The issue with yellow mold on soil is that when you remove it, you’re making more room for new growth. To deal with this issue, an anti-mold agent must be placed on the soil to restrict growth.
Why Does Yellow Mold Grow?
Yellow mold grows like every other type of mold. It reproduces by creating spores, which are then carried by the wind to a new location. If the spores land somewhere that is dark and humid with a food source, then it will begin to grow.
Any organic material is a potential food source for yellow mold. Most yellow molds prefer wood products, but it can grow on carpet padding, dust, or clothing.
Once the yellow mold spores have found a suitable location, growth can begin in as little as 24 hours. Some yellow molds take up to 10 days to start growing. It will grow fastest in a temperature zone of 77 to 86 °F, or 25 to 30 °C.
How to Get Rid of Yellow Mold
Yellow mold can be very stubborn. It is resilient to most cleaners and will return, even if you scrub the surface where it is growing.
One of the best ways to get rid of outdoor yellow mold is to simply move it whenever possible. Take it out of your garden, then place it someplace else. You could even scoop it into a garbage bag, then send it out with the trash pickup for your area.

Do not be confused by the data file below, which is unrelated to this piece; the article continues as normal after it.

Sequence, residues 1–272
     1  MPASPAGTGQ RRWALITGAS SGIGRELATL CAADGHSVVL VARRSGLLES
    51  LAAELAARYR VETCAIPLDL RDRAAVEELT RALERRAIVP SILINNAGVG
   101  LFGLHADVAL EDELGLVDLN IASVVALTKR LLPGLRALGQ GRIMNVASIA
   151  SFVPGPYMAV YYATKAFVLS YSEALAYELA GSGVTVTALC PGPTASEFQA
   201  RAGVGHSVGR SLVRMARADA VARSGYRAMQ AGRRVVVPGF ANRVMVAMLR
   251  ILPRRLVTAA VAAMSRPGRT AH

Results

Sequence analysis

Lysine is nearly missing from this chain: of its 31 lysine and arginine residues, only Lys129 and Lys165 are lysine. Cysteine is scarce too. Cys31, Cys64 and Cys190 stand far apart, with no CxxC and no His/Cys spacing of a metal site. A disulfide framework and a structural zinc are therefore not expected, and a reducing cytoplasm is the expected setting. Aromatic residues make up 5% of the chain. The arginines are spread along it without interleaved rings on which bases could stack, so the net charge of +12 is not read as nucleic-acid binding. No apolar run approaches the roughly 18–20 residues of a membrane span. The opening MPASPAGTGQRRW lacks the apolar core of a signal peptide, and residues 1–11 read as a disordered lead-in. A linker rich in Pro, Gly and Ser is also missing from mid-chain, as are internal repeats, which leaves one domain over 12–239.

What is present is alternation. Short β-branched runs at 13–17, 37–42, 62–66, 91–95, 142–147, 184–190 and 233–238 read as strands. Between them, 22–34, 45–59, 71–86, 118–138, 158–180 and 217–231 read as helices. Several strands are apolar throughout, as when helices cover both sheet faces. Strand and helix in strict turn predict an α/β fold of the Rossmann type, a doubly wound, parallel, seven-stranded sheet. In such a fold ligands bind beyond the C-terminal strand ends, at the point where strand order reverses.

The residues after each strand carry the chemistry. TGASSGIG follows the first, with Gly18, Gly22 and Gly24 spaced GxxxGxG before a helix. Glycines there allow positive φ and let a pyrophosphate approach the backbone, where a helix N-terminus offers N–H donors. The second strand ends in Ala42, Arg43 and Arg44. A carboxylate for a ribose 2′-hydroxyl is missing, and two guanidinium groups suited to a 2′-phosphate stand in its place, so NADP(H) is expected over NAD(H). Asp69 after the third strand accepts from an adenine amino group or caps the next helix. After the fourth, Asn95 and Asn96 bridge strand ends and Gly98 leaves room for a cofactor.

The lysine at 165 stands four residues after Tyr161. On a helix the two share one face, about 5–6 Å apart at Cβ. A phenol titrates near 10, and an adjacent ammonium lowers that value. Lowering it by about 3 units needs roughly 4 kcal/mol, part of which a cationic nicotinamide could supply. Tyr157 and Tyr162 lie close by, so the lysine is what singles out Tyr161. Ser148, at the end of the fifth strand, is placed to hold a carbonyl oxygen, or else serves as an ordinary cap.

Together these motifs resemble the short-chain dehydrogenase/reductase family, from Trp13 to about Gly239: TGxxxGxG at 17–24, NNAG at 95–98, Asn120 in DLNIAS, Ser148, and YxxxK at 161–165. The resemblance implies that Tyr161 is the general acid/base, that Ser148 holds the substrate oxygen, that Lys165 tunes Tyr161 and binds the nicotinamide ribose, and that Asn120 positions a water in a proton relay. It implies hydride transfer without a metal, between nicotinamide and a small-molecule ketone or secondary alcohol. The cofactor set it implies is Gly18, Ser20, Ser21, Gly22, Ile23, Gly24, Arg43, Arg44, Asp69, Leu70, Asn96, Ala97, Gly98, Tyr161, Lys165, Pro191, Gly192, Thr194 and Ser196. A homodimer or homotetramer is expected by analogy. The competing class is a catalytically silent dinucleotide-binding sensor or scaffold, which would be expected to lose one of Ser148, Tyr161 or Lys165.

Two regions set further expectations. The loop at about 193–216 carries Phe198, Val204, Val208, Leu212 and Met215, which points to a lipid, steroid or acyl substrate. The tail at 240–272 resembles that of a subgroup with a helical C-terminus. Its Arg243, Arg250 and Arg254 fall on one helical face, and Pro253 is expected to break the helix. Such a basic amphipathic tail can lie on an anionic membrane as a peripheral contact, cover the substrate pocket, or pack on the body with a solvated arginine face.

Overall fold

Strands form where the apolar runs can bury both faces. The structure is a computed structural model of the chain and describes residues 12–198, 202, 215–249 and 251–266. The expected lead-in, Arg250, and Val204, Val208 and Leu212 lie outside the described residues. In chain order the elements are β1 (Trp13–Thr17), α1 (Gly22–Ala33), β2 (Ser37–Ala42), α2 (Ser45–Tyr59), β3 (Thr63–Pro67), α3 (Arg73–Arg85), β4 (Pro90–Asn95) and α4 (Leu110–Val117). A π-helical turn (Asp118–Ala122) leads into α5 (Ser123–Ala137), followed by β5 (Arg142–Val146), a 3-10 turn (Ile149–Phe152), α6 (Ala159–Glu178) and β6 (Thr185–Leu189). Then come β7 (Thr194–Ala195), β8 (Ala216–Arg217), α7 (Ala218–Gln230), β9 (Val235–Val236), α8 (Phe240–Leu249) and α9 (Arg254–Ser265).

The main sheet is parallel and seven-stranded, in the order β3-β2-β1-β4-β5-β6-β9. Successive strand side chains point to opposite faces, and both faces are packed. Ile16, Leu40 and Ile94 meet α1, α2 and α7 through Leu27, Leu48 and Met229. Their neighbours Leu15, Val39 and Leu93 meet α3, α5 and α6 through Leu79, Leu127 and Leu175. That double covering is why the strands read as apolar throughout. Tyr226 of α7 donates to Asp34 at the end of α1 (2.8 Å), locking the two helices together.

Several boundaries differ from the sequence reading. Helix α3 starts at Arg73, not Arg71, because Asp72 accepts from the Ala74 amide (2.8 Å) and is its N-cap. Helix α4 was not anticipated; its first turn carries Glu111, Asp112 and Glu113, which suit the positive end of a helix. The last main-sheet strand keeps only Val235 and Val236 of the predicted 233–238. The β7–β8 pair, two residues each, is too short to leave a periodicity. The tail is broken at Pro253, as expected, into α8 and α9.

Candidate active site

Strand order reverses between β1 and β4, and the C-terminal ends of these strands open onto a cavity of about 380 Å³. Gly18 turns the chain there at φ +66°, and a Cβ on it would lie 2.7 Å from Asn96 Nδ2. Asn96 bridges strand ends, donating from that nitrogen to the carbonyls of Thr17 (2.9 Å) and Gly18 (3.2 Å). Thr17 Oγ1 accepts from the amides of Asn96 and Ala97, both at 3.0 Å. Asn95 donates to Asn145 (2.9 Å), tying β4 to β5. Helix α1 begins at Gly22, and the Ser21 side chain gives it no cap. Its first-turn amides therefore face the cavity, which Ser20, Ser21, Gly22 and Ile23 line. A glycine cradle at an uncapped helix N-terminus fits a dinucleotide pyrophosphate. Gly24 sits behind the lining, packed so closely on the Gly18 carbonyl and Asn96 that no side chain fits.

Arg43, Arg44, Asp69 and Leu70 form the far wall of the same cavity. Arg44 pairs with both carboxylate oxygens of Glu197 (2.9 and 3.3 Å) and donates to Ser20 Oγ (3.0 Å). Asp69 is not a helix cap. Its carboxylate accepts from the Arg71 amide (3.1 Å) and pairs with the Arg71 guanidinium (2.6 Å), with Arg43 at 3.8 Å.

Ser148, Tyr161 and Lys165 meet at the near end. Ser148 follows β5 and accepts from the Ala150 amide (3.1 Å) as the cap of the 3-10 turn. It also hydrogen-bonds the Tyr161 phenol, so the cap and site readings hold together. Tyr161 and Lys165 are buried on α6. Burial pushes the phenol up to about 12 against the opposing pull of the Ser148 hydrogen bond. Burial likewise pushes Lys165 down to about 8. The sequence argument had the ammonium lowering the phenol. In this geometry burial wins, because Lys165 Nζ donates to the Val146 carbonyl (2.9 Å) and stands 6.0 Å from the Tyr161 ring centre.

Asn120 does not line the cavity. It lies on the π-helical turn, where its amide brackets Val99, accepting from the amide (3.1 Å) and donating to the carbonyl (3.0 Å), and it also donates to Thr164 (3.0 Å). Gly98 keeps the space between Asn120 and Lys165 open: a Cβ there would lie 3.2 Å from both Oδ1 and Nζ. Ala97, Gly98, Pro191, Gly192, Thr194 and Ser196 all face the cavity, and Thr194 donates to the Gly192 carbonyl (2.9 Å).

To remove indoor yellow mold, you must remove one of the requirements for mold to begin growing. That means you must remove the food source, the temperature, or the moisture from the environment.
To clean yellow mold, youmust have an acidic cleaner to clear current mold growth. One easy natural cleaner to use is vinegar. You can apply straight vinegar to a moldy surface, then wipe it away with paper towel. Then place the used paper towel directly into a trash bag.
If the mold growth is extensive, you may need to scrub the surface with a stiff-bristled brush to remove all the yellow mold elements. Then spray the area with a commercial-strength anti-mold agent.
You can also use a 1-part vinegar, 3-parts water spray solution to prevent mold growth in common areas. Just spray the solution directly onto your tiles, walls, or fixtures and allow it to dry.
If you don’t like the smell of vinegar, then baking soda or hydrogen peroxide are effective cleaning agents that will kill yellow mold as well. Before using these items, test a small surface area where the yellow mold is growing to ensure you won’t damage it with the cleaner you’re using.
When you find yellow mold on food, just remove it from the kitchen. You can compost these food items if you wish. Otherwise, throw it away. Then clean the area where you found the moldy food, even if it was covered, to prevent future growth on other foods.
Yellow Mold Prevention: How to Prevent Yellow Mold
1. Dry any wet areas that you see immediately, because yellow mold cannot grow without moisture.
2. Ensure that proper ventilation is present in each room to prevent moisture buildup.